Three functional assays and two binding assays were used to assess the humoral immune response to the SARS-CoV-2 spike protein. SARS-CoV-2 neutralization was measured using both a lentivirus-based pseudovirus assay, and a live-virus focus reduction neutralization test (FRNT) (17). The third functional assay was a MSD-ECLIA (Meso Scale Discovery-Electrochemiluminescence immunoassay)-based ACE2 competition assay. This method measured the ability of mRNA-1273 vaccine-elicited antibodies to compete with labeled soluble ACE2 for binding to the specific RBD (WA1 or variant) spotted onto the MSD plate. Antibody binding to cell-surface expressed full-length spike was analyzed by flow cytometry. Binding to soluble protein was measured by interferometry in the MSD-ECLIA platform. All samples were assessed against WA1 and the B.1.1.7 and B.1.351 variants in each of these orthogonal serology assays. In addition, all samples were tested against WA1 containing the D614G mutation in both neutralization assays, as well as binding in the cell-surface assay. Further variants were tested in binding assays as follows: S-2P and RBD binding, P.1 against all samples; cell-surface spike binding, P.1, B.1.429, B.1.526, and B.1.617.2 against all samples. A subset of samples – Day 43 to capture the peak response, and Day 209 to look at durability – were evaluated by pseudovirus neutralization against P.1, B.1.429, B.1.526, and B.1.617.2. The specific sequences used in each assay are defined in table S1.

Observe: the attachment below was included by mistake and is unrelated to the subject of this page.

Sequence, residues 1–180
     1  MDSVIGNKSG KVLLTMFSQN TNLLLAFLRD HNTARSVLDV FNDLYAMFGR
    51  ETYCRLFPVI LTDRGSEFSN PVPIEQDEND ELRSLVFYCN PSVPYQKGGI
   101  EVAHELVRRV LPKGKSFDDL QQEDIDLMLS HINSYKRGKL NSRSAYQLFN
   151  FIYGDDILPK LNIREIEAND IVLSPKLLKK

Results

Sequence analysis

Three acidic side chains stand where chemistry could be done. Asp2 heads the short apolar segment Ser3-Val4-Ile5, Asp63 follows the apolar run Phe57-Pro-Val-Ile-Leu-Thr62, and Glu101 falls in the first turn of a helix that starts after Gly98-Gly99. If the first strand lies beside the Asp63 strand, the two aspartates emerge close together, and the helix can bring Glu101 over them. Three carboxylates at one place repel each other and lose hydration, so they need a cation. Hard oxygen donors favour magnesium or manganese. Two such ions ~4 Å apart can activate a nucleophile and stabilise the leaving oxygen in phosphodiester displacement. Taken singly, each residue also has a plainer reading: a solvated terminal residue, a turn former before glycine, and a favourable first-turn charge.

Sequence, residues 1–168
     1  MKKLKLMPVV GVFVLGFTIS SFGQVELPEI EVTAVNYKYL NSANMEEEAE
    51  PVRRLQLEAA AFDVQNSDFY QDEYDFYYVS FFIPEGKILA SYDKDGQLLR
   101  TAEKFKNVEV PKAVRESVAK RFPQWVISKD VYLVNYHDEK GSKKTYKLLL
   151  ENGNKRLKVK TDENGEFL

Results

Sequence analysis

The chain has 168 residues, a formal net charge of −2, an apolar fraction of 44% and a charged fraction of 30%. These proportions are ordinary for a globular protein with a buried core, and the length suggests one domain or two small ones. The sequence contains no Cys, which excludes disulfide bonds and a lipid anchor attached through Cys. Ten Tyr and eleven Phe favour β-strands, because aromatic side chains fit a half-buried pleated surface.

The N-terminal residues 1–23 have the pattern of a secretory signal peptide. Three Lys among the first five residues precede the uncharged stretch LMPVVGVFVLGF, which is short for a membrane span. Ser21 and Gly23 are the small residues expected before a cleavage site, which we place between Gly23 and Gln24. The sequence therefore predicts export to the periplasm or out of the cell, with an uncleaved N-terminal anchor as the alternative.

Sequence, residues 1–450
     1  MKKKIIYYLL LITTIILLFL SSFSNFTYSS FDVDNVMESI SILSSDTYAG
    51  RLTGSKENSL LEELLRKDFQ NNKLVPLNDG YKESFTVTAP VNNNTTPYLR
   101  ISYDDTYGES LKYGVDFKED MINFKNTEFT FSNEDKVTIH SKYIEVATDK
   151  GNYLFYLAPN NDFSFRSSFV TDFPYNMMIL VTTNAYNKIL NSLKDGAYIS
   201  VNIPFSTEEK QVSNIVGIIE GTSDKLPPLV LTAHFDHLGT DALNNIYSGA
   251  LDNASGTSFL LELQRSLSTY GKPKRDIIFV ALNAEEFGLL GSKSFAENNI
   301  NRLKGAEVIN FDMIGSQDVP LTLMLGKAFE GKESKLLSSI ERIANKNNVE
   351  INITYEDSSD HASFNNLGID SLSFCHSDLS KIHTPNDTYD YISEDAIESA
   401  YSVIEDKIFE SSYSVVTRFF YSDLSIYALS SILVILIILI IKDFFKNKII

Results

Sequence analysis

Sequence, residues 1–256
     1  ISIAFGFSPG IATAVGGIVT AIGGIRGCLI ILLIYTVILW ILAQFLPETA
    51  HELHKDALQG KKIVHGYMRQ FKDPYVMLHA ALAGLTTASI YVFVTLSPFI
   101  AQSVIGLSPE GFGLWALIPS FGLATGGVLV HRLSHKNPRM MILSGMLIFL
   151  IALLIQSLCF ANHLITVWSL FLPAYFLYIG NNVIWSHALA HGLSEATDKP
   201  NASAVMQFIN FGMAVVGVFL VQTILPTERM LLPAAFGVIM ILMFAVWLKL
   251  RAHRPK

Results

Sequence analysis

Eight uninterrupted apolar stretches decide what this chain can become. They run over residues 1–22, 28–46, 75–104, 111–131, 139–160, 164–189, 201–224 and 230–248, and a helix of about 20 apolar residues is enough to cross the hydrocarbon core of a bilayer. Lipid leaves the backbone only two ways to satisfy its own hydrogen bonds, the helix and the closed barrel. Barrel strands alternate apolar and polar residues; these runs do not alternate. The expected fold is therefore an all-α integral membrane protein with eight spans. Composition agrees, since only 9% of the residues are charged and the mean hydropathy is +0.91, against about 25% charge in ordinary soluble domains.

We first assessed the patterns of antibody activity over time. Consistently across assays, low-level recognition of all variants was observed after a single dose (Day 29) (Fig. 1). Activity against all variants peaked two weeks after the second dose (Day 43) with moderate declines over time through Day 209 (Fig. 1). Notably, the values obtained for each assay on a per-sample basis correlated with each other (fig. S1). We next evaluated the relative impact of each variant, considering all timepoints together. Employing the pseudovirus assay, the neutralizing activity was highest against D614G and lowest against B.1.351, with values for all other variants tested falling in between those two variants (Fig. 1A and Fig. 2A). Similar to previous reports from our group (15) and others (18), pseudovirus neutralization ID50s to D614G were 3-fold higher than to WA1 (Fig. 2G). In contrast, using the live-virus FRNT neutralization assay (Fig. 1B and Fig. 2B), titers to WA1 were higher than to D614G, consistent with previous reports for that assay (19). For all other variants, the impact in the live-virus and pseudovirus neutralization assays were concordant: titers against B.1.1.7 were similar to D614G and lower against B.1.351. ACE2 competition was highest for WA1 RBD, intermediate for B.1.1.7, and lowest for B.1.351 (Fig. 1C and Fig. 2C). Spike-binding antibodies were measured using two different methodologies. In the cell-surface spike binding assay, serum antibodies were bound to full-length, membrane-embedded spike on the surface of transfected cells and measured by flow cytometry (20). In this assay (Fig. 1D and Fig. 2D), WA1 and D614G were nearly indistinguishable, with ~1.5-fold reduced binding to B.1.1.7, B.1.526, B.1.617.2, and 2.4 to 3.0-fold reduced binding to P.1, and B.1.429, and B.1.351. We also used the MSD-ECLIA multiplex binding assay to simultaneously measure IgG binding against both the stabilized soluble spike protein S-2P (21) and RBD proteins derived from WA1 and the B.1.1.7, B.1.351, and P.1 variants. The ECLIA assay showed slightly reduced binding to the variant S-2P (Fig. 1E and Fig. 2E) and RBD (Fig. 1F and Fig. 2F) proteins, with the rank order of highest to lowest binding as follows: WA1, B.1.1.7, P.1, and B.1.351. The overall effect of each variant in each assay is tabulated in Fig. 2G, which shows the geometric mean of the ratios between values for WA1 and variant or D614G and variant. In all assays, B.1.351 was the variant that caused the greatest reduction in titers compared to WA1 or D614G.